Wouldn’t it be easy if everything in life was yes or no, black or white, us or them? A few things fit the bill, and most of them are at school. A maths answer is right or wrong, a spelling is correct or incorrekt, Mr Magoony’s pony tail is not cool. But growing up, things start to blur. Answers are less clear, the bleeding obvious no longer bleeds and even zebras have grey bits. If that’s just my eyesight going, well fine because it makes life a lot more interesting.

Take fairy tales. We grew up on ridiculously perfect villains: the Ugly Sisters, the Big Bad Wolf, Snow White’s stepmother. They got their come-uppance and everyone else lived happily ever after.

Get real. It’s far more likely that Cinderella got bunions, the Three Little Prigs drove the neighbours mad with their curtain-twitching and Snow White ended up on Obsessive Compulsive Cleaners.

Whether it’s in stories or friendships, politics or religion, the grey areas – the murky bits, the unknowns – are the places where we get the chance to grow in love and tolerance. So often we find different views scary or threatening and react with anger and hatred and war.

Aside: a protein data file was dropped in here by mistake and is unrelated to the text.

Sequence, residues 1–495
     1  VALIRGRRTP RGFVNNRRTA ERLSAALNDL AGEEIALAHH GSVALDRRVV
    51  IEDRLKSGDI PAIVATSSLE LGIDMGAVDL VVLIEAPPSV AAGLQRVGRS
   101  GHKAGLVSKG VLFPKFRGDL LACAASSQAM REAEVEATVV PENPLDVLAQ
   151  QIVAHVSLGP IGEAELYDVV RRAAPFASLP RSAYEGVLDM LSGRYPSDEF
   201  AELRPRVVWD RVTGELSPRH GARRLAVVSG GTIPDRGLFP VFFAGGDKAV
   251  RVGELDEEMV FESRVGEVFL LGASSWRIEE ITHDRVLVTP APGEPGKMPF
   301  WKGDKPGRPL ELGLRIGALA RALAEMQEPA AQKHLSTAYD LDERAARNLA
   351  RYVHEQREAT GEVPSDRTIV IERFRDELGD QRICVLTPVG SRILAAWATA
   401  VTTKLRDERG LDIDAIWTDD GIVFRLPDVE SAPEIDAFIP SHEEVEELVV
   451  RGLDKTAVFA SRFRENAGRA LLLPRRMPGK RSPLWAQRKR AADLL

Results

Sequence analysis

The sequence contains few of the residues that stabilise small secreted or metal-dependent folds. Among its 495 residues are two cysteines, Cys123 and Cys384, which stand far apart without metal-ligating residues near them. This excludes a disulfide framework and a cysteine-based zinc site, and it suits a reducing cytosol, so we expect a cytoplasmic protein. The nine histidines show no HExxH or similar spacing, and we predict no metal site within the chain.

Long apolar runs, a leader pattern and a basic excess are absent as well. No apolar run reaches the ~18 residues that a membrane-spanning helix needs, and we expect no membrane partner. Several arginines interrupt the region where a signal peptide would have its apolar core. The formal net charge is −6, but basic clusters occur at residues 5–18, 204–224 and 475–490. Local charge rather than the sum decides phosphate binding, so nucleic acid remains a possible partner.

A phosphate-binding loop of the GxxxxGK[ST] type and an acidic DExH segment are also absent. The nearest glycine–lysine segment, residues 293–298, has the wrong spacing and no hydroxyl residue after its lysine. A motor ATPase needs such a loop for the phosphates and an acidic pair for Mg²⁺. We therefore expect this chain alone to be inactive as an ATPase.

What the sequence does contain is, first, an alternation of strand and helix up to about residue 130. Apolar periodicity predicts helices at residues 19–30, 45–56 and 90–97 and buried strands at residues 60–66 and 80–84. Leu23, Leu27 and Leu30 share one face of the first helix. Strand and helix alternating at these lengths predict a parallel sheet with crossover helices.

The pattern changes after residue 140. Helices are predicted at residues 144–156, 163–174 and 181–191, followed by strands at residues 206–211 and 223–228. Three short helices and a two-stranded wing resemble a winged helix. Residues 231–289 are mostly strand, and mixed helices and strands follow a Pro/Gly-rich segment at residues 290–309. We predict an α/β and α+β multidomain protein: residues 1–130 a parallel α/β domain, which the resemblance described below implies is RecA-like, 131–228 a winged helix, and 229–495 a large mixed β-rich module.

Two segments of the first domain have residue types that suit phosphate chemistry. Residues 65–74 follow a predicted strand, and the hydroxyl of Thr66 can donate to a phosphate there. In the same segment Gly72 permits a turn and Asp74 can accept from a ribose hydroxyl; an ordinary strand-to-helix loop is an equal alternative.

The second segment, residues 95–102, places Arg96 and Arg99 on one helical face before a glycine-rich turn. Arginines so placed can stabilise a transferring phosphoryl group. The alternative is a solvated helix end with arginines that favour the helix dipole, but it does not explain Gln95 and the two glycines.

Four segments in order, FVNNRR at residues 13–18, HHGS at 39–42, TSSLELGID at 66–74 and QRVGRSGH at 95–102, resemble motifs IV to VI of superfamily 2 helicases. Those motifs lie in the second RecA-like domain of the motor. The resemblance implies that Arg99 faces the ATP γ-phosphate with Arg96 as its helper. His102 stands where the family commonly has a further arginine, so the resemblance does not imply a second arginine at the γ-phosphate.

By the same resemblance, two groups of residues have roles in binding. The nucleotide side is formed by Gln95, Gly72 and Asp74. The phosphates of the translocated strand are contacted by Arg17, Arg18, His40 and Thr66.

Humans are so good at focusing on difference: Christian or Muslim, dark-skinned or light, rich or poor. It’s easy to forget that our similarities are so much greater. We all eat, sleep, poop and crave love. The Ugly Sisters were no different, just less successful. How many insults and rejections had those poor unsightly girls endured, walking to school, propping up the wall at the disco and being overlooked by the volleyball team? Maybe they were sick of drop-dead Cinders and her smug smile and sent her to the scullery after one too many boasts. You can’t but feel a bit of sympathy. At the end of the day, all they wanted was a fair share of the love she hogged because of her looks.

It may be strange and troubling, and send us stumbling into the fog of the grey zone, but we do well to remember – we have to remember – that Isis fighters love their babies too.